The benefits provided by this glass cloth-infused resin are many, the most obvious being strength and durability. Glass cloth originally served as a UV filter in greenhouses, permitting the transmission of visible light while preventing exposure to dangerous rays. However, since glass cloth is, in fact, glass, it also won’t burn, which led to its use in skirting for hot-air balloons and professional race cars. Once all of those thin layers become strengthened by the cured epoxy, they become incredibly tough, so much so that at least one light-sport aircraft employs it in its structure and skin. Other common applications include robotics, firearms, electronics insulation, machined parts, circuit board, and the fabrication of certain parts on marine vessels. That toughness translates into knife handles that can easily stand up to everyday use and even rough survival contexts. It won’t rust, discolor, or mold, and it resists impacts that would chip other kinds of materials.

It might seem strange to praise the hardiness of G-10 given that metallic handles like stainless steel or textured aluminum are inherently stronger. But an advantage that G-10 has over them is how easy it is to form and shape. Because of its thinness and relatively high flexibility during fashioning, it’s quite simple to transform into virtually any shape a manufacturer would like. The same cannot be said for metals, which require more effort and machining to realize similar results.

A related advantage is the fact that using G-10 for knife handles results in uniform batching. As beautiful as natural materials such as wood, bone, nacre (i.e., mother-of-pearl), and the like are, they cannot look the same from knife to knife. This may lead to disappointment for consumers if they end up with a pattern they don’t like. Because it’s so simple to shape and craft, G-10 allows knife makers to turn out one identical handle after another.

Another benefit to G-10 is how it is non-reactive. Many different kinds of chemicals won’t prompt a change in the material, including salt water. In fact, G-10 can almost be called waterproof. It also won’t absorb liquids it comes in contact with.

Unlike various other kinds of synthetic handles, G-10 is generally considered pleasant to hold. Many man-made handles gather complaints about how they feel slick, slippery, and overall unpleasant in the hand. For lack of a better word, G-10 remains “grippy” in all sorts of conditions.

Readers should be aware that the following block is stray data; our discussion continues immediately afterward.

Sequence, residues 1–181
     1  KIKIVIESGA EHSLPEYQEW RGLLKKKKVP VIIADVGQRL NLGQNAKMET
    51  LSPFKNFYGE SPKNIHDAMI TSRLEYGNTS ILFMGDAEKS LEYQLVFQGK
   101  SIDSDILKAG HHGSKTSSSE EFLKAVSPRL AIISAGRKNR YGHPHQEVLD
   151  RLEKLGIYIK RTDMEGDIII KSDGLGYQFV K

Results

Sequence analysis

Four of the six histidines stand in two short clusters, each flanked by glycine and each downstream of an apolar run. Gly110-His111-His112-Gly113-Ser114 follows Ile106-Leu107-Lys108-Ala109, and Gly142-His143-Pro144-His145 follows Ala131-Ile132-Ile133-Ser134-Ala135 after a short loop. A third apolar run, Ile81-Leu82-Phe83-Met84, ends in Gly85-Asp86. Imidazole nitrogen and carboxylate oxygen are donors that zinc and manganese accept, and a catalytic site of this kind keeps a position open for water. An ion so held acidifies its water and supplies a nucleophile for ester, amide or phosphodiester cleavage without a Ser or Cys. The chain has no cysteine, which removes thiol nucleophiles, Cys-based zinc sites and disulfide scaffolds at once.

The final benefit of G-10 is one that’s admittedly subjective. Still, many find the material aesthetically pleasing. It’s easy to color and consistently style, which means that manufacturers can create very specific designs intended for discrete demographics.

Why Do Some People Prefer Handle Materials Other Than G-10?

The knife market abounds not only with blade styles and steels, but also with handle materials — many of which aren’t G-10. Why do some people prefer other materials over it?

A lot of the reason for different selections boils down to preference. Some simply don’t like the texture, and others would rather have a different appearance. Still others would rather use natural materials. Such predilections are perfectly fine, but purchasers should understand that they usually come with a bump up in price.

Is a G-10 Pocket Knife Right for You?

There’s good reason why G-10 has become so popular among modern knife makers. In addition to providing abundant value, it offers strength, style, resistance to wear and tear, and (for most) a pleasant hand feel. If you’d like a working knife appropriate for any environment or task, then a G-10 knife is likely right for you. To browse our selection of knives with G-10 handles, click here.